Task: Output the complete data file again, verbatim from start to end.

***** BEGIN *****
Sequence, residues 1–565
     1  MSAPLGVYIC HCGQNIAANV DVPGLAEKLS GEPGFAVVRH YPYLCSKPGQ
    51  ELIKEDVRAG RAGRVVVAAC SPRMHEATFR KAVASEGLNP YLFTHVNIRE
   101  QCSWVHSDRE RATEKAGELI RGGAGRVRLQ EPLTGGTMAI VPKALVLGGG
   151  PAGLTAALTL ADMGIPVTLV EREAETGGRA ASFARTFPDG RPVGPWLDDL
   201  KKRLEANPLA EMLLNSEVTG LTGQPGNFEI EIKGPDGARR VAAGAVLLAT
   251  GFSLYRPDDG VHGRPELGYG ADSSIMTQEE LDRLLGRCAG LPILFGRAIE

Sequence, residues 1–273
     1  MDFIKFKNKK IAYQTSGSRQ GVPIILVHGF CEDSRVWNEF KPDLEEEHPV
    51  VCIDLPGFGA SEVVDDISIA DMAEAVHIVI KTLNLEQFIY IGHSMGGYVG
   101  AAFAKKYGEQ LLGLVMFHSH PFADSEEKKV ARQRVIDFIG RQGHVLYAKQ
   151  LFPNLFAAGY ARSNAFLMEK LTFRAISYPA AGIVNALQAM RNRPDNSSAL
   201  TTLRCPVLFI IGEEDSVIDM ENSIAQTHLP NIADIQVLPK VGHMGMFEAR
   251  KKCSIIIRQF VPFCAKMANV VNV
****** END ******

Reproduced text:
Sequence, residues 1–565
     1  MSAPLGVYIC HCGQNIAANV DVPGLAEKLS GEPGFAVVRH YPYLCSKPGQ
    51  ELIKEDVRAG RAGRVVVAAC SPRMHEATFR KAVASEGLNP YLFTHVNIRE
   101  QCSWVHSDRE RATEKAGELI RGGAGRVRLQ EPLTGGTMAI VPKALVLGGG
   151  PAGLTAALTL ADMGIPVTLV EREAETGGRA ASFARTFPDG RPVGPWLDDL
   201  KKRLEANPLA EMLLNSEVTG LTGQPGNFEI EIKGPDGARR VAAGAVLLAT
   251  GFSLYRPDDG VHGRPELGYG ADSSIMTQEE LDRLLGRCAG LPILFGRAIE

Sequence, residues 1–273
     1  MDFIKFKNKK IAYQTSGSRQ GVPIILVHGF CEDSRVWNEF KPDLEEEHPV
    51  VCIDLPGFGA SEVVDDISIA DMAEAVHIVI KTLNLEQFIY IGHSMGGYVG
   101  AAFAKKYGEQ LLGLVMFHSH PFADSEEKKV ARQRVIDFIG RQGHVLYAKQ
   151  LFPNLFAAGY ARSNAFLMEK LTFRAISYPA AGIVNALQAM RNRPDNSSAL
   201  TTLRCPVLFI IGEEDSVIDM ENSIAQTHLP NIADIQVLPK VGHMGMFEAR
   251  KKCSIIIRQF VPFCAKMANV VNV